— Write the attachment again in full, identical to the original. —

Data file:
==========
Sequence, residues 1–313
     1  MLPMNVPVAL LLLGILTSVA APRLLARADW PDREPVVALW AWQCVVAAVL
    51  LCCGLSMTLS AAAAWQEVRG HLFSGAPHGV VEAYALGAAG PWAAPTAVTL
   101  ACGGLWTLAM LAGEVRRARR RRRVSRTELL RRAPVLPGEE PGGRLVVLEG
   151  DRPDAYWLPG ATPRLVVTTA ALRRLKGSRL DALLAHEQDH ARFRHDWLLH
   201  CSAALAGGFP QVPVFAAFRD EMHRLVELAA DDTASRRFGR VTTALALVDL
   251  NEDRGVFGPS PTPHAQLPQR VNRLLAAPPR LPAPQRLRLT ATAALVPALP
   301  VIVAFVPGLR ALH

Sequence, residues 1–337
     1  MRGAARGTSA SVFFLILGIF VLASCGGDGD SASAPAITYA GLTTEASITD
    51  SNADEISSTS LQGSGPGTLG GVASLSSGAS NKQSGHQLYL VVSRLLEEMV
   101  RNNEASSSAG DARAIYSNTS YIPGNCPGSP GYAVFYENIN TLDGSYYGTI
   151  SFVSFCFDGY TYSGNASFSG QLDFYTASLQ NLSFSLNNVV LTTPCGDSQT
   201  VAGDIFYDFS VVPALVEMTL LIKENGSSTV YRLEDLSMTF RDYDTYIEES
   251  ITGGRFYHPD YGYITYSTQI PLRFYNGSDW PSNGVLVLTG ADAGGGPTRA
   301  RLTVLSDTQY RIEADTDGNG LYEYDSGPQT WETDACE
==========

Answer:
Sequence, residues 1–313
     1  MLPMNVPVAL LLLGILTSVA APRLLARADW PDREPVVALW AWQCVVAAVL
    51  LCCGLSMTLS AAAAWQEVRG HLFSGAPHGV VEAYALGAAG PWAAPTAVTL
   101  ACGGLWTLAM LAGEVRRARR RRRVSRTELL RRAPVLPGEE PGGRLVVLEG
   151  DRPDAYWLPG ATPRLVVTTA ALRRLKGSRL DALLAHEQDH ARFRHDWLLH
   201  CSAALAGGFP QVPVFAAFRD EMHRLVELAA DDTASRRFGR VTTALALVDL
   251  NEDRGVFGPS PTPHAQLPQR VNRLLAAPPR LPAPQRLRLT ATAALVPALP
   301  VIVAFVPGLR ALH

Sequence, residues 1–337
     1  MRGAARGTSA SVFFLILGIF VLASCGGDGD SASAPAITYA GLTTEASITD
    51  SNADEISSTS LQGSGPGTLG GVASLSSGAS NKQSGHQLYL VVSRLLEEMV
   101  RNNEASSSAG DARAIYSNTS YIPGNCPGSP GYAVFYENIN TLDGSYYGTI
   151  SFVSFCFDGY TYSGNASFSG QLDFYTASLQ NLSFSLNNVV LTTPCGDSQT
   201  VAGDIFYDFS VVPALVEMTL LIKENGSSTV YRLEDLSMTF RDYDTYIEES
   251  ITGGRFYHPD YGYITYSTQI PLRFYNGSDW PSNGVLVLTG ADAGGGPTRA
   301  RLTVLSDTQY RIEADTDGNG LYEYDSGPQT WETDACE